Externalities of Burgers

In this article, Mark Bittman discusses the prices of hamburgers and how they relate to externalities. Externalities are external costs or external benefits that fall on bystanders. Bittman acknowledges that  “What you pay for a cheeseburger is the price, but price isn’t cost.” The hamburger price is not the costs of producing the good by the producers and it’s not the cost paid by the world either. The costs of the marketers are much more than the price of a hamburger. The true cost of a product is not known unless you include the externalities. “Almost everything produced has externalities.” There will almost always be externalities from producing products. These externalities need to be calculated into the final price of the products. For example, the paper that is wrapped around a hamburger will cause an externality because if the customer throws it on the ground then a worker must pick it up for trash. The act of by the worker is an externality. It is hard to include all externalities when setting prices for products. Bittman concluded that the external costs of a hamburger might outweigh the benefits of the burger.

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Exploitation of Workers

This article explains the exploitation of workers in Qatar. A very hot topic now because of them winning the bid to host the FIFA World Cup many politicians are enraged that Fifa is allowing them to host this prestigious tournament. It is estimated that 1.4 percent of Qatars population are working as slaves with only four countries with a higher percentage. There are 1.6 million foreign workers in Qatar, which is nearly 20 times the local workforce. When looking at the normative economics of the matter the companies exploit workers. The companies exploit workers forcing extra hours, dangerous work conditions, abuse physically or even sexually, living in awful conditions and especially withholding the pay from the workers. It is common for the employers to ditch their employees after taking their passports and never paying their workers. There is a projected 4,000 lives taken once the preparations for the world cup are over. http://www.voanews.com/content/reu-world-cup-host-qatar-must-tackle-labor-abuses/2522960.html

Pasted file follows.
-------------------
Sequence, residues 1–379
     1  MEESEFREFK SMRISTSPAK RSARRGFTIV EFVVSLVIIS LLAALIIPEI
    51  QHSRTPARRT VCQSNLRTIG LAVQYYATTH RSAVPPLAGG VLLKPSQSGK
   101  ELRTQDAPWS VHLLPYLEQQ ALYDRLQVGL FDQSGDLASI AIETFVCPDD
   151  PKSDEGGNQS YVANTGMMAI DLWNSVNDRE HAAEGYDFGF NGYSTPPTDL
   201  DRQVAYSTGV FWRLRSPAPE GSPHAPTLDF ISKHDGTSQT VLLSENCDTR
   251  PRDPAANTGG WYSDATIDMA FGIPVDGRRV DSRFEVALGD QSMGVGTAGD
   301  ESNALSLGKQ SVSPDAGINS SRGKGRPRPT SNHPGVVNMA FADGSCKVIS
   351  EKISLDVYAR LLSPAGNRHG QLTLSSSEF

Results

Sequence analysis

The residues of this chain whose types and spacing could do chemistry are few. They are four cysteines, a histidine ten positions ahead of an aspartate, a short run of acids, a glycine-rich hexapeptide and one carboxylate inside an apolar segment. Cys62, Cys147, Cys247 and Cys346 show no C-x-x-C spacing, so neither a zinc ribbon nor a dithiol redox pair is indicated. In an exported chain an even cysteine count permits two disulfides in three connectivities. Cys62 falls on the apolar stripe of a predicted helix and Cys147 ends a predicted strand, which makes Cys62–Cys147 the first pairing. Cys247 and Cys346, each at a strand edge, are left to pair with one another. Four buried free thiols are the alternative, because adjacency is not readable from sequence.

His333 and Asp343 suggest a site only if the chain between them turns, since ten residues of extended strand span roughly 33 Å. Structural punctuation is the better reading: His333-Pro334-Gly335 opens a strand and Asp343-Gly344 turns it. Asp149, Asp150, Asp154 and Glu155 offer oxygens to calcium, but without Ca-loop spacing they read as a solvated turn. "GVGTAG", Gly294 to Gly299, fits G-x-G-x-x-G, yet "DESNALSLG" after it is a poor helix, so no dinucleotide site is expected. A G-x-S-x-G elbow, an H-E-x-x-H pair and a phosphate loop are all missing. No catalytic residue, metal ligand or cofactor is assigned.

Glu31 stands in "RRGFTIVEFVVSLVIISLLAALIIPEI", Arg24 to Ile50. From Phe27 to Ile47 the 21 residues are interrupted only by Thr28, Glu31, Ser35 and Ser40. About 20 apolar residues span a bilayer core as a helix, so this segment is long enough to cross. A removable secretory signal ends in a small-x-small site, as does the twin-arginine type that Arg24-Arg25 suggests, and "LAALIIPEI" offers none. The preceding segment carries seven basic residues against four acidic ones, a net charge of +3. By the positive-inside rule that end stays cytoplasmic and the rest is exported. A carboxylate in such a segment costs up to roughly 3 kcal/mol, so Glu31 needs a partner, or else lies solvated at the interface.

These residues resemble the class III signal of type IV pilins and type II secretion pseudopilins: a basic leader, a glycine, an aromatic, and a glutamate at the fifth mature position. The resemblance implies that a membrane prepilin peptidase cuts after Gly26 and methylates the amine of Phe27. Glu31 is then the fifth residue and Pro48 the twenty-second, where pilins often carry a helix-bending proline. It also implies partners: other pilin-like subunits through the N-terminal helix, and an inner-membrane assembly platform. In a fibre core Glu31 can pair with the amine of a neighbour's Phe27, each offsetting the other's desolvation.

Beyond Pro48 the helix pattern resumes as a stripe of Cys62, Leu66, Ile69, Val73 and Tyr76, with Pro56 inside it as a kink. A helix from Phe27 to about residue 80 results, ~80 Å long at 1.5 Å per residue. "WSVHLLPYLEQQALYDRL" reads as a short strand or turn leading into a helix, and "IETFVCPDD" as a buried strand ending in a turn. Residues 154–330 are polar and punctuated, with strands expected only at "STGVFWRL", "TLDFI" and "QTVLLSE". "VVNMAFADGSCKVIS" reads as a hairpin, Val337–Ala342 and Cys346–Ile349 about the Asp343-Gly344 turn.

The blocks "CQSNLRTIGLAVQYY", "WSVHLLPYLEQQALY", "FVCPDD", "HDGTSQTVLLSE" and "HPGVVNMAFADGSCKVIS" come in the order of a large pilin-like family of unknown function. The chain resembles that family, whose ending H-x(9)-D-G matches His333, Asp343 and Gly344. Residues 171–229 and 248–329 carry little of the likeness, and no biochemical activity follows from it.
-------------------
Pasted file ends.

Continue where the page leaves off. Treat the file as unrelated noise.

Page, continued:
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Income Inequality in the National Football League

This article explains the high-income inequality in the National football league. “62.4 percent of the team payrolls go to the top fifth of the NFL players in 2009, compared to 50.3 percent of total national income going to the top quintile of American households.“ The inequality of income in the NFL gets larger each year; this inequality isn’t affecting the lowest or median paid players. In fact the median NFL income has risen 41 percent while the minimum salary only 29 percent from 2000 to 2009. In terms of the distribution of income John Rawls’s Maximin Principle and the Utilitarian system would argue that this system is flawed and the lowest paid players and the median should be compensated higher. Robert Nozick’s entitlement theory would argue that no one is being harmed from the very talented players being paid higher and the market will decide who should be paid a lot or a little.

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Stadium Funding

This article talks about how sports stadiums in the United States are now being funded by the government and taxpayers instead of the owners of the franchises. In this example they reference the new stadium for the Dallas Cowboys in which people around the country are essentially funding the building of this stadium. This is an example of distributing costs and concentrating benefits. The benefits go towards the team owners and the ticket holders while the costs are distributed broadly among taxpayers. There are 64 major league teams using this system and the annual cost to taxpayers for the 21 NFL teams that use this system in 1996 was valued at $24.3 million dollars. The value of the Cowboys franchise increased 12 percent from this new stadium. Also the Cowboys don’t have to pay property tax on the stadium, which saves their owner Jerry Jones around $17 million a year. Should take payers be funding these stadiums when there are other needs?

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Retail sales reflect oil and markets


This Washington Post article describes the market during the month of November, especially around Black Friday and the week or so after. It attributes high spending to the low gas prices (a normal good) and improvement in the job market, both of which cause a shift in the demand curve. People have more money to spend on gifts and other superior goods. While sales actually exceeded economists 0.4% improvement prediction by 0.5%, there was still an 11% drop during Thanksgiving week compared to that week last year. Although one might think that lower gas prices and a better job market would cause buyers to spend more, the article explains that people are still very price-sensitive and hesitant to make impulse buys, due to the unpredictability of the market.